Iraqi football player Karim Saddam got his start in the Baghdad Division with Al-Sinaa and Al-Jaish prior to joining Al-Karkh, then known as Al-Rasheed. At the conclusion of the 1985-1986 season he was sent off to Al-Siaha, a quiet team in the countryâs second-tier league, which nearly signaled the end of his stardom at the age of 26. He was saved from this fate by an invitation from Coach Falah Hassan of Al-Zawraa, soon to become one of the Iraqi Premier Leagueâs top clubs, to join the team. Saddam won his first Iraq FA Cup in 1989 with Al-Zawraa and scored a league record of 22 goals over the course of the regular season. The team captured the cup twice more in succession, as well as the league championship in 1991. After coming up empty-handed the following year they regained the cup in 1993 and held it every year from then until 2000, except for 1997, but Saddam would not stick around for these victories, as he retired following the 1992-1993 season. Throughout this period, he was the countryâs top scorer four times.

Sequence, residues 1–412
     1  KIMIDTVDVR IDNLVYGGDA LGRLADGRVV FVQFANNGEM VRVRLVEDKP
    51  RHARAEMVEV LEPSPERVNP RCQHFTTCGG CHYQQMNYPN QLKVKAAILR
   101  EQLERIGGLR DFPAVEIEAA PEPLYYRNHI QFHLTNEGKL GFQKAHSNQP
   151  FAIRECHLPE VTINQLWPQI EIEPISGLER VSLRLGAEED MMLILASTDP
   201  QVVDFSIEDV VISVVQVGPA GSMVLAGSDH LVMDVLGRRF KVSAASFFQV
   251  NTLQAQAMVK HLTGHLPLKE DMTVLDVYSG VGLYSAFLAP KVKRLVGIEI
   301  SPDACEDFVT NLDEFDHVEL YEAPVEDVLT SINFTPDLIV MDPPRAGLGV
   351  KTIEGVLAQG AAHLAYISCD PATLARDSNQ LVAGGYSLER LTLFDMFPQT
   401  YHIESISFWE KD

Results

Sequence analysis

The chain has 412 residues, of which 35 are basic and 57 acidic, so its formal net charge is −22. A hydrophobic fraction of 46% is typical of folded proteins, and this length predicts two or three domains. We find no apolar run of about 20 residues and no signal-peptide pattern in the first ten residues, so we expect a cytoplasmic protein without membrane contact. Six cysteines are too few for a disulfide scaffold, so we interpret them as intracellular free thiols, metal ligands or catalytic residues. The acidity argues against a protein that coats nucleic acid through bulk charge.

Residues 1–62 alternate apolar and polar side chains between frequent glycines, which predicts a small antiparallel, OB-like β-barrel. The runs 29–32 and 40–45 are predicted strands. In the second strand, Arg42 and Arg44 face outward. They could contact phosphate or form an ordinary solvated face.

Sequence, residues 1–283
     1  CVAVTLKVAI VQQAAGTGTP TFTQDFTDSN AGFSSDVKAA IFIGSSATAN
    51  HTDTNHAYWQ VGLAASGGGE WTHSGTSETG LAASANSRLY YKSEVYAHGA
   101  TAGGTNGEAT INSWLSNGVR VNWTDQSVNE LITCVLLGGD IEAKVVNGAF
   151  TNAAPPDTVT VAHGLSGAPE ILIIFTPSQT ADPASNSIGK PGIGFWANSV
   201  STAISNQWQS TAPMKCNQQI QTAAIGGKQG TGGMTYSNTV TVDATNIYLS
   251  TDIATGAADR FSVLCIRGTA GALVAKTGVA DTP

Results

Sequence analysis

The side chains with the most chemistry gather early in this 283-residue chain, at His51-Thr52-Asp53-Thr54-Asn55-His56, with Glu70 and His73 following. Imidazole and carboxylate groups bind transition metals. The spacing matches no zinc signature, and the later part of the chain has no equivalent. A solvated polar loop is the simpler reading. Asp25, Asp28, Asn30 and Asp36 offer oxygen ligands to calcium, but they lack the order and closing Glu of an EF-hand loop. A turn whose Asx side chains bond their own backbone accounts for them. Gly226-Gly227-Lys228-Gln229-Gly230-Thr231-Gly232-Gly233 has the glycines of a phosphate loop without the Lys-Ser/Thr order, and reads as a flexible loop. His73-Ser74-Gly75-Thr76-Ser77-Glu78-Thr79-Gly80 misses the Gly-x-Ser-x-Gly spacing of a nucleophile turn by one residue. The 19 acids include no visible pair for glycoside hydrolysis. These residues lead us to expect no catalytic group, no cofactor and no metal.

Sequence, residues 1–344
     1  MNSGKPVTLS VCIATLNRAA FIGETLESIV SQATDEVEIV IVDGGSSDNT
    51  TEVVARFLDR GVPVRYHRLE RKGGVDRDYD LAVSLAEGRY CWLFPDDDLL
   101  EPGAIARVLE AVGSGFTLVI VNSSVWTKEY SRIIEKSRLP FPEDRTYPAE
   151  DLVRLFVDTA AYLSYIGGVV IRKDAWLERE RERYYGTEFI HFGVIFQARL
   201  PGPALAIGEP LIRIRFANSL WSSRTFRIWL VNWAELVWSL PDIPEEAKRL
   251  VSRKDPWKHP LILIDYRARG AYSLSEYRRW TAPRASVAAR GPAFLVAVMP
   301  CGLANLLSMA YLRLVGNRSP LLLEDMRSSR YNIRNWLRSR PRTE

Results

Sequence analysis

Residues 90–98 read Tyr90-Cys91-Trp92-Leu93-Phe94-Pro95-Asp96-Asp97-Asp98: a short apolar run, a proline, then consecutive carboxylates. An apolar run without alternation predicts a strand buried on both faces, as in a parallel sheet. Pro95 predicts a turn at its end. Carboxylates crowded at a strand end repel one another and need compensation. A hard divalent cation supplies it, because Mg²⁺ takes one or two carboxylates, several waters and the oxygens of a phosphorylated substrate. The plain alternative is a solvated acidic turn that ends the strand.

Prior to his club career, however, Saddam had a four-year stint with the Iraqi national team, beginning with a draw against East Germany in Baghdad in April 1982. At the 1984 Summer Olympics he played in all three of Iraqâs matches at the tournament, finishing with two losses and one draw and failing to qualify for the quarterfinals. His most memorable international moment, however, came in the qualifiers for the 1986 World Cup, when he was sent to the field to replace an injured [Hussain Saeed] in a match against the United Arab Emirates. Saddam scored the game-winning goal, setting the final score at 3-2, but its significance would not be revealed until Iraq lost its match 2-1 against the UAE a week later. Although the aggregate scores were tied, Iraq had a greater number of away goals (3 vs. 2), and thus Saddamâs goal ended up clenching Iraqâs first and, as of 2010, only World Cup appearance. In 2010 he ran for a seat in the Iraqi Parliament, along with his politically-opposed former teammate [Ahmed Radhi].